WLP Executive Director on Reporting Rape

Carol Tracy, Executive Director of the Women’s Law Project, was quoted in an article this weekend in the New Orleans Times-Picayune. Rape statistics are down in New Orleans, but this may be due to a mislabeling of rapes and sex crimes rather than an actual decrease in reported incidents.

A classification, called Signal 21, exists in the New Orleans Police Department to classify complaints that don’t amount to a crime. Many other departments have similar classifications for disturbances, or suspicious activity calls that turn out not to be a crime, but police are using them to classify rape or sex crime calls in which the victim becomes uncooperative or has vague details that are difficult to verify.  This is not a correct use of a non crime category. The statistics reported in the article are as follows:

In 2008, police say, there were 146 cases marked up by the sex crimes unit as a Signal 21, compared with 97 rapes and sexual batteries ultimately listed as criminal offenses by the Police Department. That means police classified 60 percent of rape calls as a Signal 21.

This number, though hard to compare to a national standard, is still extremely high and has drawn the attention of sex crimes experts.

“Any way you look at it, it is just too high,” said Joanne Archambault, a consultant who previously [led] the San Diego sex crimes unit.

Archambault said departments need a noncriminal category for some situations, such as a call about a suspicious activity that turns out not to be a crime. But too often detectives will put cases into these alternative categories — or declare a rape case to be “unfounded,” meaning that it didn’t occur — when they can’t substantiate a claim of a sexual assault.

That may happen, she said, if they can’t track down a victim who reported the crime or the victim doesn’t continue cooperating after making an initial report. While those circumstances frustrate detectives, they don’t justify declaring cases invalid, she said.”

A similar trend was occurring in Philadelphia a decade ago and Carol Tracy commented on the investigation into misclassifying sex crimes that led to the significant changes in how the Philadelphia Police Department handles sex crimes.

…[I]n Philadelphia a decade ago after a series of newspaper reports that questioned a policy of the Police Department’s rape squad to classify about a third of the reported sex crimes under a noncriminal code that meant “investigation of person.” A police internal review of 2,000 such cases determined that 700 were actually rapes, while 500 were other sex crimes, according to news reports.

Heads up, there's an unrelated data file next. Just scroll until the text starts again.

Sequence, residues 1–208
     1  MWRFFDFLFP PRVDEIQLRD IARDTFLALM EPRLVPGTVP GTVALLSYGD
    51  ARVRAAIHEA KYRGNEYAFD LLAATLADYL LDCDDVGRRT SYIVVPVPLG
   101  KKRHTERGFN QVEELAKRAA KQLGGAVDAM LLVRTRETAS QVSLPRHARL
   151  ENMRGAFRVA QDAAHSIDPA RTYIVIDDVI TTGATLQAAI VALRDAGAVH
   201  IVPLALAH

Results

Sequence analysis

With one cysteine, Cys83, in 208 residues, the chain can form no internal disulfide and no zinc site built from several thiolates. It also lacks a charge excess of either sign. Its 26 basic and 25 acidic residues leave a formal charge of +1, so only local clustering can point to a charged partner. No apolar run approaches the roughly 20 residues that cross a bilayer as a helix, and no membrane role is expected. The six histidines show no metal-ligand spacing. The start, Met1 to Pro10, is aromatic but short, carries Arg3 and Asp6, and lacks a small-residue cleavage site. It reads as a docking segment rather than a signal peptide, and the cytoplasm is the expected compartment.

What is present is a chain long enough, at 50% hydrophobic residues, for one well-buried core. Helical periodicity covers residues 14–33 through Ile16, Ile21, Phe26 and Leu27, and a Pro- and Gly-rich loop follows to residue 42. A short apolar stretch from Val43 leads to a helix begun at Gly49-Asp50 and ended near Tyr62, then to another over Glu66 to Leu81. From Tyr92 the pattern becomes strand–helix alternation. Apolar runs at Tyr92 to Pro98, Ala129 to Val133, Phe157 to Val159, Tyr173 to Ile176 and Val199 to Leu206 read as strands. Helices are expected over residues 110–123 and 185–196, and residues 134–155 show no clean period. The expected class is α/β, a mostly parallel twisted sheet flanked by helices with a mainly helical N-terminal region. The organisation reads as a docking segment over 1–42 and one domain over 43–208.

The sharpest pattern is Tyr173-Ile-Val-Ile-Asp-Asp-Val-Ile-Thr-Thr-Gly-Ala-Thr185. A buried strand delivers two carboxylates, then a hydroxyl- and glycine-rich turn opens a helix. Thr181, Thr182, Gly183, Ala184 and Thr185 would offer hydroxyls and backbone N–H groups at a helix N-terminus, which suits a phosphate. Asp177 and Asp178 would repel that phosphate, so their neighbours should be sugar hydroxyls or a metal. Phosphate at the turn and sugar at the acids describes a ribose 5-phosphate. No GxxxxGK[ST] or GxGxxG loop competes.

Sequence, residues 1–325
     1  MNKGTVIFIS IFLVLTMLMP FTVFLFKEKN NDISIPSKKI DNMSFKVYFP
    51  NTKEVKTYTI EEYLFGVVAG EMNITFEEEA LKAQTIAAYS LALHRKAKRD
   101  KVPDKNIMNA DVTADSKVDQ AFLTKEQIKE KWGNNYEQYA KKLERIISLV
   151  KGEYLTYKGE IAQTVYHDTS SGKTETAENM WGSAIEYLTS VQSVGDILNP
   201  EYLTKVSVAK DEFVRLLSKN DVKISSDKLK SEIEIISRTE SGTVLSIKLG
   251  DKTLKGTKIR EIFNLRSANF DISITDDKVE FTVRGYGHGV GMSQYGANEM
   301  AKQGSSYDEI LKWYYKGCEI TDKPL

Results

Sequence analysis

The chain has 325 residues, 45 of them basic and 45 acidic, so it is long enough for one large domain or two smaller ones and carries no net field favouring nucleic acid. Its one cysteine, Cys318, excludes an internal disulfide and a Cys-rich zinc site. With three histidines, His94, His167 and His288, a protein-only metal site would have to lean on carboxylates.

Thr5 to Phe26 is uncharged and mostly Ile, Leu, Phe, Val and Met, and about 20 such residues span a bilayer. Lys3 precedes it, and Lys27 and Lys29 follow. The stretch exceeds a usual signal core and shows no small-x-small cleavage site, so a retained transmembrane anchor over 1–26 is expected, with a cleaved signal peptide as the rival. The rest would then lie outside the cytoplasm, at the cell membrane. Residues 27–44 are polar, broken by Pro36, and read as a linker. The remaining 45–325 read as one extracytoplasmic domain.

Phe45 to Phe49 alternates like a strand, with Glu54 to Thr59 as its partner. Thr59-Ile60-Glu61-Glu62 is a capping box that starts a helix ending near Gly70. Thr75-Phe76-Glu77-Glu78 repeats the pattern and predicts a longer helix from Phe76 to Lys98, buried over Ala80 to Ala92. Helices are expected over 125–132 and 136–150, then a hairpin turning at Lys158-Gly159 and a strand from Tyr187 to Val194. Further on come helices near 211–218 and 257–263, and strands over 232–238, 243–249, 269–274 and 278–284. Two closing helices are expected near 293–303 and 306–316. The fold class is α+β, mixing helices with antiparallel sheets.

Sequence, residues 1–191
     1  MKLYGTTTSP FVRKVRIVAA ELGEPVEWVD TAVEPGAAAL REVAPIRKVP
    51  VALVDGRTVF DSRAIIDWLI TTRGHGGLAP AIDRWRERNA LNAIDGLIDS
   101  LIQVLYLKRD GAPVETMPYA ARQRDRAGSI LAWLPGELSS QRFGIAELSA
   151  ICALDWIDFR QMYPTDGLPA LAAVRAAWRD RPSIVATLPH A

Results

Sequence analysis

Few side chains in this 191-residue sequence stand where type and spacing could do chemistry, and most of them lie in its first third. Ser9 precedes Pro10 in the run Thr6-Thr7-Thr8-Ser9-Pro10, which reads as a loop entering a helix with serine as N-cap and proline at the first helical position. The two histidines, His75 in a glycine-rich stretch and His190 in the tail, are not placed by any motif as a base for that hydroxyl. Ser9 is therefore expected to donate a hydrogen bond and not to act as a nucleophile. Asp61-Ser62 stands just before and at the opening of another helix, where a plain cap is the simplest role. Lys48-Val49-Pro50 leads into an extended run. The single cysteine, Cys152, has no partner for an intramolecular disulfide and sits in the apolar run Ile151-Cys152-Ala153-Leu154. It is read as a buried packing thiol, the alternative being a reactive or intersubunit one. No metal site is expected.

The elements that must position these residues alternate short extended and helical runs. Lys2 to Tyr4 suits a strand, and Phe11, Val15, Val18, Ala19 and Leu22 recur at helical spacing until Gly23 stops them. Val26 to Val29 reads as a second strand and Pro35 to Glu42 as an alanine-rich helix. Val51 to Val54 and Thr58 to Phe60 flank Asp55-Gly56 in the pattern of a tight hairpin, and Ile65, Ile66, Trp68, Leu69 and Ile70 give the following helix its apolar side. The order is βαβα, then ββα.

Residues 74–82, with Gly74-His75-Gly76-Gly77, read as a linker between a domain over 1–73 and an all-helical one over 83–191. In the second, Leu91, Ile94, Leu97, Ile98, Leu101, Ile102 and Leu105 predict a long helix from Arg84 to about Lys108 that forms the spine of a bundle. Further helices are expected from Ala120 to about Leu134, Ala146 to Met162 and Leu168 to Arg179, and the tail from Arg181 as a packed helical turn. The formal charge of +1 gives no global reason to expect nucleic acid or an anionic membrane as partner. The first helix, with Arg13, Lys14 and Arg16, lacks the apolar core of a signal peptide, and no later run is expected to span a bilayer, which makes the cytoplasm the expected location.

Then-Police Commissioner John Timoney all but eliminated the alternative coding of sex crimes, said Carol Tracy, executive director of the Women’s Law Project in Philadelphia.

Tracy and Archambault both said some departments have unfounded rates that are suspiciously high. For example, in Philadelphia the 2007 unfounded rate for rape was about 10 percent, according to FBI data. The national unfounded rate for rapes reported to the FBI in 2006 was about 5 percent.

The unfounded category, for what police believe to be false sexual assault reports, differs from Signal 21s, which involve a variety of other reasons for a non-criminal listing.

Tracy and Archambault said even cases in the unfounded group demand scrutiny, to ensure police made sound decisions.

Rape and other forms of sexual assault are crimes and should be treated as such by police. It may be frustrating when victims refuse to continue to aid in an investigation, or cannot fully recall the details of a truly horrific experience, but these cases should continue to be investigated instead of improperly dumped in a non crime category. When police don’t take sex crime complaints seriously, victims are deterred from reporting and the public is deceived as to the level of sex crimes in their communities.

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